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Housebreaking a Puppy

Although there are many different methods of housebreaking a puppy or housetraining, it is an essential task that should be addressed early on in the pup’s formative weeks. Most dog owners who wish to bring a new puppy into their home between six and nine weeks of age; this is the time to begin establishing rules and routines of housebreaking a puppy with the new member of your family.

Dogs are relatively clean animals and housebreaking a puppy can usually be accomplished in a short amount of time without extensive input on your part. You must remember that this youngster is adjusting to his new environment. When housebreaking a puppy, you have to remember young puppies have little control over their bowels or bladders and by their nature, animals go when they need to go. Waiting to relieve themselves outdoors is a learned behavior and as such must be taught. Anxiety from being separated from their mother and littermates, introduction into new surroundings, overexcitement, being frightened and marking instincts may all cause a pup to spontaneously urinate from time to time.

There are many different tips and techniques for housebreaking a puppy - some of which are controversial, for these purposes we will briefly outline the basics.

Most people will designate an area such as the kitchen or laundry room as the place to confine their new puppy. These areas will usually have linoleum flooring, making it much easier to clean if an accident does occur when housebreaking a puppy. Some recommend "paper training" the pup, however, others argue that this can confuse the dog, making him think it is okay to eliminate in the house.

When housebreaking a puppy is often a good idea to introduce him/her to a crate. A quick tip on crates; most dogs will not eliminate in their crates unless left for too long a period of time. The crate will basically become the dog’s "den" and needs to become the pup’s "safe place." Therefore, never use the crate as a punishment. Be calm when approaching your pup to remove him from the crate or confined area. If you excite him, he is more likely to urinate before you get him outside.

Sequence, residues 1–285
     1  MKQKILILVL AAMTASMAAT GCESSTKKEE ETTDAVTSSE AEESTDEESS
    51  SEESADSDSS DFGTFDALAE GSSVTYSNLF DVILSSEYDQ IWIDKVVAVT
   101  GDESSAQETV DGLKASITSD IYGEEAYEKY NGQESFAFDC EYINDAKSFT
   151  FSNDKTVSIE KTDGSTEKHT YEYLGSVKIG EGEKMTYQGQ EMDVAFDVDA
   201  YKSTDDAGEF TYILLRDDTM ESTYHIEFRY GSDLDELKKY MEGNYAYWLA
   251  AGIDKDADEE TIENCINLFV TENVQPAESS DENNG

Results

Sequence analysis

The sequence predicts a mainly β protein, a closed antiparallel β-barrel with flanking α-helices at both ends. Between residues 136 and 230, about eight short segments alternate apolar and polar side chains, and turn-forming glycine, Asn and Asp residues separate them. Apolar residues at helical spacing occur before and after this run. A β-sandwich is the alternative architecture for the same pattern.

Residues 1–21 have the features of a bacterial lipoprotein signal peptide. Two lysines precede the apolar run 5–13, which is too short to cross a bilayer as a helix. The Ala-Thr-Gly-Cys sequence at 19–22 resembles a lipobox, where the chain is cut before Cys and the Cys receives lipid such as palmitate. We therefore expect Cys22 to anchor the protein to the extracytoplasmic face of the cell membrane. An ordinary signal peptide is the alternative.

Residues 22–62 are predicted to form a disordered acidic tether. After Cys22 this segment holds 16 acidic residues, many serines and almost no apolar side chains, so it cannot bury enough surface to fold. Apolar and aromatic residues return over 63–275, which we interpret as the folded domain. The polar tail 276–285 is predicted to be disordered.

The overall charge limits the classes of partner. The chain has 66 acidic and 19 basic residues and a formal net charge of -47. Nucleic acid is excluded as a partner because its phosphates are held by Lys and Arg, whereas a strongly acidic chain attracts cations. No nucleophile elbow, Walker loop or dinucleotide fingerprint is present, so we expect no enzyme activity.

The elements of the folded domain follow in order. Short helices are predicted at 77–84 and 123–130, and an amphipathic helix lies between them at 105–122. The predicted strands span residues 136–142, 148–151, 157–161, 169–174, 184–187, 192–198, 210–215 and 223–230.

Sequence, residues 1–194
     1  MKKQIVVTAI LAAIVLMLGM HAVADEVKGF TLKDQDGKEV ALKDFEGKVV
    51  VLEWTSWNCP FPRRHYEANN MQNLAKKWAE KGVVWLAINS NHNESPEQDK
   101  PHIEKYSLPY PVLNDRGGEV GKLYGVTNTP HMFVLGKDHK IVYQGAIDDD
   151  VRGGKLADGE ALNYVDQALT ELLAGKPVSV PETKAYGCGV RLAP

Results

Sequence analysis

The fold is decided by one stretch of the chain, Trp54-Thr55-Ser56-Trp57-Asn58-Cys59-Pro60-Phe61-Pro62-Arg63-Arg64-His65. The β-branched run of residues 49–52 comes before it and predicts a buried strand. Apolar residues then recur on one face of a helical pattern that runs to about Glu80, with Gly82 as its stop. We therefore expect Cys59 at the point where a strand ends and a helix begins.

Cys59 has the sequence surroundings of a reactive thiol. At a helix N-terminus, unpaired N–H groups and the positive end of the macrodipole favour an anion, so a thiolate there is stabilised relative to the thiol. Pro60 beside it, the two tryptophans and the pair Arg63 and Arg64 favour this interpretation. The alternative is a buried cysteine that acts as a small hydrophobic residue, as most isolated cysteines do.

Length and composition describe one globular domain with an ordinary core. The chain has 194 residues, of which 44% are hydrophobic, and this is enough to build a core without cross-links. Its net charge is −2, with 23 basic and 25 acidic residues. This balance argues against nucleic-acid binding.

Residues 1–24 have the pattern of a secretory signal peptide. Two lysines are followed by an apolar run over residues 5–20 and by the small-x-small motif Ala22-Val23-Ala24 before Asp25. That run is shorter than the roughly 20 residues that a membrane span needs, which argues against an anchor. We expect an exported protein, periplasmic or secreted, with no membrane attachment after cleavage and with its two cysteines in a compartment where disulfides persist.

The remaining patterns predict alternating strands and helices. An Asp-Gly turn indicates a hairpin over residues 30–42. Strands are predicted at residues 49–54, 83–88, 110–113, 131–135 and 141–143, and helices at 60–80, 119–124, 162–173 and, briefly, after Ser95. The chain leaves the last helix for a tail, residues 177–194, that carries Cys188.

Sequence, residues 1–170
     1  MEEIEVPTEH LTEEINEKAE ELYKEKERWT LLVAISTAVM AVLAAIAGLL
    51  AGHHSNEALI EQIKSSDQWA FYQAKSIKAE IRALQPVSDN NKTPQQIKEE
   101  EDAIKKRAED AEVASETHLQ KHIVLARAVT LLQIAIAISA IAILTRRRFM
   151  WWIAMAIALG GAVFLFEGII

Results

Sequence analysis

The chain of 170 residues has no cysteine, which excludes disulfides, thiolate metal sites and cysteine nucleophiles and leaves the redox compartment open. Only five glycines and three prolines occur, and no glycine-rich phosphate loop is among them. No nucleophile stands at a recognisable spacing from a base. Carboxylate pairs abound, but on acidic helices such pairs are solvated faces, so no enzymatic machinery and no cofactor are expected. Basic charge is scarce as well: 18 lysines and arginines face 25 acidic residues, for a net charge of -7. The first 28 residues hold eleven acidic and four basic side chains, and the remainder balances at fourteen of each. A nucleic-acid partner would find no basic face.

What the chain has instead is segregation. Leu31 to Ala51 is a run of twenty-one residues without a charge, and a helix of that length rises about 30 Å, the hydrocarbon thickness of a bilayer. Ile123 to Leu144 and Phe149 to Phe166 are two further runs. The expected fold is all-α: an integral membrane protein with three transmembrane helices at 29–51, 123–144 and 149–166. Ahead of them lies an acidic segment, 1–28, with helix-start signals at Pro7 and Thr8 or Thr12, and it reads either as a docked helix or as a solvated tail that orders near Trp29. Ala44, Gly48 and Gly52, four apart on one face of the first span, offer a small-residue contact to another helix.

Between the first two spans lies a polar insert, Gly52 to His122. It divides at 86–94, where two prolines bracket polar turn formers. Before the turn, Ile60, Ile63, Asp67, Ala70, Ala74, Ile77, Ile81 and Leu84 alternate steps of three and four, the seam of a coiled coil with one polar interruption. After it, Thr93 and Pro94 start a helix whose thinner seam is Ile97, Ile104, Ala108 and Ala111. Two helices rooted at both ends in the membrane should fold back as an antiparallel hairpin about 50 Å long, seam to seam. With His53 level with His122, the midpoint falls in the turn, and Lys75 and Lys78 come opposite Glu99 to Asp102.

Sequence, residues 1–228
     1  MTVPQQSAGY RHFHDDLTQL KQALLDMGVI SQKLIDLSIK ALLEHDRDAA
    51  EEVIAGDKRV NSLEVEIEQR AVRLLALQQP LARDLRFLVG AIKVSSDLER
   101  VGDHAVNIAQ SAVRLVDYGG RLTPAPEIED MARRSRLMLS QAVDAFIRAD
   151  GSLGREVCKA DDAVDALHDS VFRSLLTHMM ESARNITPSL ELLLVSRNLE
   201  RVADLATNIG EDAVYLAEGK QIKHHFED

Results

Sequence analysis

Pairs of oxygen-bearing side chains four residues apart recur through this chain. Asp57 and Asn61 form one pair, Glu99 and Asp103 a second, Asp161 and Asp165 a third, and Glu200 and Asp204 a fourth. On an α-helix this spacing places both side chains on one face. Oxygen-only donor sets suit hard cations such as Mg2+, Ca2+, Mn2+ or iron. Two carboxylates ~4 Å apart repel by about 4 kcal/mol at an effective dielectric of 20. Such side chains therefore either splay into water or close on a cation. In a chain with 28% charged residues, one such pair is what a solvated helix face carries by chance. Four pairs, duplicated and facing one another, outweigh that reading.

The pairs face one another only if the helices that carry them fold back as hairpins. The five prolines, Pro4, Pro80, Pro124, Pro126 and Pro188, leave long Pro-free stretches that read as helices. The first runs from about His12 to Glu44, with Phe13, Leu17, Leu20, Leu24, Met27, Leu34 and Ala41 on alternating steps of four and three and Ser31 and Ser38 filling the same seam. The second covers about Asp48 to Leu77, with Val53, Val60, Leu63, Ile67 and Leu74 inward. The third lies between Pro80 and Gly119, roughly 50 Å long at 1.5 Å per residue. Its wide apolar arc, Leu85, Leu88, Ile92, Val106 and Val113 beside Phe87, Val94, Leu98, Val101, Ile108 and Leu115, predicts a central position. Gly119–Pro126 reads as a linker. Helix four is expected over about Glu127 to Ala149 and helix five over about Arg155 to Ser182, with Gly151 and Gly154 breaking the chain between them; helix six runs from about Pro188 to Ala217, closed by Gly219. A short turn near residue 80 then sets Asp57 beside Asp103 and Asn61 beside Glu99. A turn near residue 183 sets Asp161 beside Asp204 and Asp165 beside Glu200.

While housebreaking a puppy designate an outside area specifically for your dog to eliminate or not is up to you, but take your pup out often and give him plenty of praise immediately after he does void! Wherever the pup relieves himself, that area should be kept relatively clean, as leaving feces in an area can attract other dogs and increase the spread of parasites. Dogs are creatures of habit; they like regimentation and will quickly adapt to a schedule. It is therefore important to establish these routines as early as possible and stick to them. You must also learn to read your dog and be aware of his individual needs. Most dogs will display their own individual signals when they are ready to go. Sniffing the floor, circling an area, staring at you or the door, whining or barking can all be indicators to inform you that he needs to relieve himself.

As in all dog training, housebreaking a puppy is a process that requires time and commitment on your part. Above all, remember that being patient and using common sense and consistency will make housebreaking a puppy and other training drills much easier to accomplish for both of you.

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